Mechanisms and Factors for Edible Oil Oxidation

Authors

  • Eunok Choe,

    1. Author Choe is with Dept. of Food and Nutrition, The Inha Univ., Incheon, Korea. Author Min is with Dept. of Food Science and Technology, The Ohio State Univ., Columbus, OH. Direct inquiries to author Min (E-mail: min.2@osu.edu).
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  • David B. Min

    1. Author Choe is with Dept. of Food and Nutrition, The Inha Univ., Incheon, Korea. Author Min is with Dept. of Food Science and Technology, The Ohio State Univ., Columbus, OH. Direct inquiries to author Min (E-mail: min.2@osu.edu).
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Abstract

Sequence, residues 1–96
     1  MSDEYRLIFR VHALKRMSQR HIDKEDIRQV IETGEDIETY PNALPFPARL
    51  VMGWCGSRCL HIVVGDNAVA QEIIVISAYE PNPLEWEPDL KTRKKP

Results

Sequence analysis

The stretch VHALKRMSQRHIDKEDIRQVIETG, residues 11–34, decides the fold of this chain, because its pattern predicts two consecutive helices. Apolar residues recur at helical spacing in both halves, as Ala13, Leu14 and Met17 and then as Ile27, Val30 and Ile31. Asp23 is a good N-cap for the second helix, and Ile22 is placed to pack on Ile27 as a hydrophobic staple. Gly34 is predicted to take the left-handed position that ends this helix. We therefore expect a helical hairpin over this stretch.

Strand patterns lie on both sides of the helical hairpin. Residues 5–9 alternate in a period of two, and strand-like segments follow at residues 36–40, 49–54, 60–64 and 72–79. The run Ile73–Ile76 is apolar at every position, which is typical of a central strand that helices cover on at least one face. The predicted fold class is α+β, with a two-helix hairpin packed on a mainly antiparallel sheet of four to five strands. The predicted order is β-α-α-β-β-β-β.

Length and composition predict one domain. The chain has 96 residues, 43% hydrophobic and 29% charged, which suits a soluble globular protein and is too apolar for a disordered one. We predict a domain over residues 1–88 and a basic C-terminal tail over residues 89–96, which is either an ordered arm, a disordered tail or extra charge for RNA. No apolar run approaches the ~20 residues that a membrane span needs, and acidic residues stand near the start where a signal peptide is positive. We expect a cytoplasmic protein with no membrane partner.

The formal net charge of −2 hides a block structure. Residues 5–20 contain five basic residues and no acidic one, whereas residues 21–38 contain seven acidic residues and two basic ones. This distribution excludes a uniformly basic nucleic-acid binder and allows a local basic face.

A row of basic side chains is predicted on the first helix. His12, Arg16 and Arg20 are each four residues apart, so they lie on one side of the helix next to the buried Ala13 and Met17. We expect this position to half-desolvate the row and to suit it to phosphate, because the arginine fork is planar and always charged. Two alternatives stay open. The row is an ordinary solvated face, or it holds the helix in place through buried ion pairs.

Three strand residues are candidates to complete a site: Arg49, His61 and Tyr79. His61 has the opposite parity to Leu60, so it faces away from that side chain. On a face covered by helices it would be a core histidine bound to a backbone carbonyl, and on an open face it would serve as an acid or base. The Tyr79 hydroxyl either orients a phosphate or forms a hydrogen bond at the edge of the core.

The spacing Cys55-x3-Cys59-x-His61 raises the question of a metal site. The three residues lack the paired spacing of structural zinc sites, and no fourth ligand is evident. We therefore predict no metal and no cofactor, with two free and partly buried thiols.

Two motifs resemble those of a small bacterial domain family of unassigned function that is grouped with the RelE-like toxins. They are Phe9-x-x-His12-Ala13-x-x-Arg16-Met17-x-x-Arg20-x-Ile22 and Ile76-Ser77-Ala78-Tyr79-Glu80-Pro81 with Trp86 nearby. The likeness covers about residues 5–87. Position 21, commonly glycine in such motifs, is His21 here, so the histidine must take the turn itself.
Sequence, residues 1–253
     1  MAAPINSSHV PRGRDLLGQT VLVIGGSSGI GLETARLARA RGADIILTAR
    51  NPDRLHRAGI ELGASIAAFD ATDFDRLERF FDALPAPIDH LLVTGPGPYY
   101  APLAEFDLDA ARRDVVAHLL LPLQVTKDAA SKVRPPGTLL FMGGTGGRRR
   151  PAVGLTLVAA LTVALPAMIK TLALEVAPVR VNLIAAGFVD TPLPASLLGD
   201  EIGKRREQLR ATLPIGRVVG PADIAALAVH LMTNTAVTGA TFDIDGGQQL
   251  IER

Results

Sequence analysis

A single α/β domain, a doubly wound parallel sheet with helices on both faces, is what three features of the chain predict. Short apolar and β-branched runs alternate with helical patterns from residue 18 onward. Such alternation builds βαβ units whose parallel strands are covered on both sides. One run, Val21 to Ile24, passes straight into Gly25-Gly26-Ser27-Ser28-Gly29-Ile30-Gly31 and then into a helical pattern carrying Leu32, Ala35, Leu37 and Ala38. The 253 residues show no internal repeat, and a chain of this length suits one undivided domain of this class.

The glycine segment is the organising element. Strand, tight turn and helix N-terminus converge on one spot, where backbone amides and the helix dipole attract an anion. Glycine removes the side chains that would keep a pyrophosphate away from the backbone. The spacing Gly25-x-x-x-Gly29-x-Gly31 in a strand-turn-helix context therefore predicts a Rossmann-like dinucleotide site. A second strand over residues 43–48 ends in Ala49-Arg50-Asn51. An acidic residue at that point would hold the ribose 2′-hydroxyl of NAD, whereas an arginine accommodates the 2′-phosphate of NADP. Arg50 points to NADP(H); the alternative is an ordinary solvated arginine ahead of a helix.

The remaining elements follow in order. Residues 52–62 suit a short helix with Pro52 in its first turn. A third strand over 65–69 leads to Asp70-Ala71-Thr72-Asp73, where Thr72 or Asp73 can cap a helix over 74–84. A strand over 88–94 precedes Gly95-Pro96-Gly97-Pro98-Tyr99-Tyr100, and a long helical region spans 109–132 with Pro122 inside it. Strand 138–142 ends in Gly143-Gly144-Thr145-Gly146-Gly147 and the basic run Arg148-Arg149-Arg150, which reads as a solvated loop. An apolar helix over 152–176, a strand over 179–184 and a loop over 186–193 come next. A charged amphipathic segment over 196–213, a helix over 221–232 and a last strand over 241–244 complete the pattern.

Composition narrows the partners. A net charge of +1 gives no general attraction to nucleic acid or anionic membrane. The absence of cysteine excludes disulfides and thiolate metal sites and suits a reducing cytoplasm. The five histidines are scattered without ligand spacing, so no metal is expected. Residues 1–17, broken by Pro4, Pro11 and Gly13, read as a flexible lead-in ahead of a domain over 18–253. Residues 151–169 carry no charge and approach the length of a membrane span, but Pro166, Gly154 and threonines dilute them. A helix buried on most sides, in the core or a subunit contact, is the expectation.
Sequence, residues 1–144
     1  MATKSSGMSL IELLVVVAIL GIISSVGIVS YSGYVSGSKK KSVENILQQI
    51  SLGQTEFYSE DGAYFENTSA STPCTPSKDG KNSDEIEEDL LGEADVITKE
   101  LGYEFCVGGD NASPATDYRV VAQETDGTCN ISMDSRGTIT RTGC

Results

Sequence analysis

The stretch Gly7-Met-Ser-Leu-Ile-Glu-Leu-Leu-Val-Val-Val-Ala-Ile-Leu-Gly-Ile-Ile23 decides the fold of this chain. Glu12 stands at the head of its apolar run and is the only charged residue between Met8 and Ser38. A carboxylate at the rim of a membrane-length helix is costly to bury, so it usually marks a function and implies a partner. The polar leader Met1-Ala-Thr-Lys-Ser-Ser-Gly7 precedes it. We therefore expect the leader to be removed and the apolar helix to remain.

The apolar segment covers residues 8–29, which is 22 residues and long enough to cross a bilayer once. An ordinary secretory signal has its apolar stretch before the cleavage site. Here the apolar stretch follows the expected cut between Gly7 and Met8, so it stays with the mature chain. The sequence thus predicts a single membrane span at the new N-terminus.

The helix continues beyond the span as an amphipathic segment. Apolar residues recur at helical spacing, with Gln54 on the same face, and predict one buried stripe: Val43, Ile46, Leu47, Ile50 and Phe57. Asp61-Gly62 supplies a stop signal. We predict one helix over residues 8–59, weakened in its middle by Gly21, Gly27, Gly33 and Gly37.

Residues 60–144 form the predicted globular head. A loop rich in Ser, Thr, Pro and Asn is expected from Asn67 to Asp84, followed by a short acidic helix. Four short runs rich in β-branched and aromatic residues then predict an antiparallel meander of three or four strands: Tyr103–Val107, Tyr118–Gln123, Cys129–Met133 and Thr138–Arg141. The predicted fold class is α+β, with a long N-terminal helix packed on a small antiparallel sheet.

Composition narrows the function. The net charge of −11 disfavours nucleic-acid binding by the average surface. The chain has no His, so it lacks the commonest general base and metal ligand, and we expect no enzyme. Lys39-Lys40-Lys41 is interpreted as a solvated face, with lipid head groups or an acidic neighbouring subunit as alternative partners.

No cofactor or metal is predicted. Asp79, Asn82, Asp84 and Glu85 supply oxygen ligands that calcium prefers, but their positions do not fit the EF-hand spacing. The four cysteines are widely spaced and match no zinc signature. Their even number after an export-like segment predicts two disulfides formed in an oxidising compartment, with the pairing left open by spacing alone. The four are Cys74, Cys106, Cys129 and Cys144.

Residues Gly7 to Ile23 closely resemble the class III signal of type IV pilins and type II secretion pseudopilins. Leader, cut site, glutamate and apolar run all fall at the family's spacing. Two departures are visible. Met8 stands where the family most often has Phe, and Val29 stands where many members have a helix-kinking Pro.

ABSTRACT: Edible oil is oxidized during processing and storage via autoxidation and photosensitized oxidation, in which triplet oxygen (3O2) and singlet oxygen (1O2) react with the oil, respectively. Autoxidation of oils requires radical forms of acylglycerols, whereas photosensitized oxidation does not require lipid radicals since 1O2 reacts directly with double bonds. Lipid hydroperoxides formed by 3O2 are conjugated dienes, whereas 1O2 produces both conjugated and nonconjugated dienes. The hydroperoxides are decomposed to produce off-flavor compounds and the oil quality decreases. Autoxidation of oil is accelerated by the presence of free fatty acids, mono- and diacylglycerols, metals such as iron, and thermally oxidized compounds. Chlorophylls and phenolic compounds decrease the autoxidation of oil in the dark, and carotenoids, tocopherols, and phospholipids demonstrate both antioxidant and prooxidant activity depending on the oil system. In photosensitized oxidation chlorophyll acts as a photosensitizer for the formation of 1O2; however, carotenoids and tocopherols decrease the oxidation through 1O2 quenching. Temperature, light, oxygen concentration, oil processing, and fatty acid composition also affect the oxidative stability of edible oil.

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